C. H. Little to Candace Little, October 14, 1921
Carroll Herman Little, Correspondent
Candace Little
, Recipient
Media Type
Item Type
Handwritten letter from Carroll Herman Little to his mother on October 14, 1921. Little discusses family life with wife Bonnie and their children; his work as a Lutheran pastor and faculty member at the Evangelical Lutheran Seminary of Canada in Waterloo, Ontario; the coal shortage and rations; making wine and cider; attending a convention in Buffalo, New York; and changes at the Seminary.
-- Paper is watermarked with the following: PROGRESS BOND

-- Carroll Herman Little (1872-1958) was a Lutheran pastor, and a professor and administrator at the Evangelical Lutheran Seminary of Canada (later Waterloo Lutheran Seminary; now Martin Luther University College) in Waterloo, Ontario.

Little was born in Hickory, North Carolina in 1872. He was the eldest of ten children born to Rev. Marcus Lafayette Little (1848-1891) and Candace Mary Almetta Herman (1848-1947). Marcus L. Little, a Lutheran pastor and educator, was killed in a train accident in Newton, North Carolina on February 16, 1891.

C. H. Little received his early education and work experience in North Carolina, graduating from Gaston College in 1889. From 1888-1891 Little worked as editor of a newspaper founded by his father in Dallas, North Carolina. He also taught in North Carolina schools. After his father’s death, Little entered Roanoke College in Virginia, graduating with a BA (Classics) in 1893. From 1897-1898 he was enrolled in post-graduate studies in the Classics Department at John Hopkins University in Baltimore, Maryland.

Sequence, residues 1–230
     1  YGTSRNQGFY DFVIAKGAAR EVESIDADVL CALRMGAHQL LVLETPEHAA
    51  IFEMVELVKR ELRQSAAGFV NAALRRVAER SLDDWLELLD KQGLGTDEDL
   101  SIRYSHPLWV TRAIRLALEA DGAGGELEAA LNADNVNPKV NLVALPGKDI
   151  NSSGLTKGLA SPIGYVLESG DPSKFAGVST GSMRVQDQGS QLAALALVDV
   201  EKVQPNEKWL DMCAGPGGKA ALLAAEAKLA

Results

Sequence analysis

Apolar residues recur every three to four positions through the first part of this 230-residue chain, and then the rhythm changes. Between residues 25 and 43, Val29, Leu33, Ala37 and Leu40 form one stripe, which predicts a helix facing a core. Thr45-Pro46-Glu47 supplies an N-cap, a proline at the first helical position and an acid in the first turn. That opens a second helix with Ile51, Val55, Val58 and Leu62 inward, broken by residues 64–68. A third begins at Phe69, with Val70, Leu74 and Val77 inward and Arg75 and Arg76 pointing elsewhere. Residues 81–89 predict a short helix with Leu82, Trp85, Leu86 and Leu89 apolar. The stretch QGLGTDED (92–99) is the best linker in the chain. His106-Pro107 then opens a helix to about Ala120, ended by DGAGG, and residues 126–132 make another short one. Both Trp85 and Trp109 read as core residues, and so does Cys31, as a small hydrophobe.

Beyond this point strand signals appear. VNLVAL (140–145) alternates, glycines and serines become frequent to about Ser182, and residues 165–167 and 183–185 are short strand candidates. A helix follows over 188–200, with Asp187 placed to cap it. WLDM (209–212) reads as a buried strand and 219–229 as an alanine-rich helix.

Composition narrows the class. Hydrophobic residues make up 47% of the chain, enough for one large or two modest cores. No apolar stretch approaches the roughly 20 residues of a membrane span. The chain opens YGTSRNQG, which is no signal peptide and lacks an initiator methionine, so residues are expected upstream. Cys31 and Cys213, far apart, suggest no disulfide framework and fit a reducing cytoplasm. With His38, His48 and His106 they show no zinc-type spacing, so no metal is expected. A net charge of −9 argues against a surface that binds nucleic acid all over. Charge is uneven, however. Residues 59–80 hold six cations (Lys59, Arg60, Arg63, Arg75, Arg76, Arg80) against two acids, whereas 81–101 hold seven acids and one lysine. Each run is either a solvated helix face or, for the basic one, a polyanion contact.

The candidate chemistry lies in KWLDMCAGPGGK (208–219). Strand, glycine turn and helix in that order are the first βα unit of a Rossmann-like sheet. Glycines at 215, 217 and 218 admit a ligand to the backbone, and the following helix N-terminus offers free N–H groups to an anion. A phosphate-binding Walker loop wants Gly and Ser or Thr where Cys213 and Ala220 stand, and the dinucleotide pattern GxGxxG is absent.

In 1901 Little graduated from Mount Airy Theological Seminary in Philadelphia, Pennsylvania. Following in his father’s footsteps, C. H. Little was ordained by the Ministerium of Pennsylvania on June 3, 1901. After ordination he accepted a call to the Nova Scotia Synod, serving as pastor in the New Germany parish from 1901-1909, and the Mahone Bay parish from 1909-1911. From 1911-1914 he was housefather of Bethany Orphans’ Home in Bridgewater, Nova Scotia. During this time he also served the Nova Scotia Synod as secretary (1904-1909), president (1911-1914) and editor of the Nova Scotia Lutheran (1907-1911). In 1914 Little was recognized with an honorary Doctor of Divinity from Lenoir Rhyne College in Hickory, North Carolina. Little left Nova Scotia in 1914 when he accepted a call to the St. Lawrence Parish in Morrisburg, Ontario.

In 1917 C. H. Little accepted a teaching position at the Evangelical Lutheran Seminary of Canada (now Waterloo Lutheran Seminary) in Waterloo, Ontario. He remained at the Seminary for the rest of his career, retiring in 1947. In addition to his responsibilities as professor, Little also held various administrative roles including acting President, 1918-1920, 1929-1931, and 1942-44; Bursar, 1918-1933; and Dean, 1920-1927. Little continued to pursue his own education through correspondence studies with the Chicago Lutheran Seminary, receiving the degrees of BD and STM in 1924, and an STD in 1928.

Publications authored by C. H. Little include New Testament handbook (1941); Lutheran confessional theology: a presentation of the doctrines of the Augsburg Confession and the Formula of concord (1943); and Explanation of the book of Revelation (1950). He was a long time contributor to the Canada Lutheran, and held editorial positions for the publication.

Little married Edith Blanche “Bonnie” DeLong (1888-1974) on September 9, 1908 in Nova Scotia. They had ten children: Carolus DeLong, Herman Luther, Marion, Arthur Bernard, Robert Paul, Margaret Eileen, Ruth, Catharine, Florence Josephine, and John Frederick.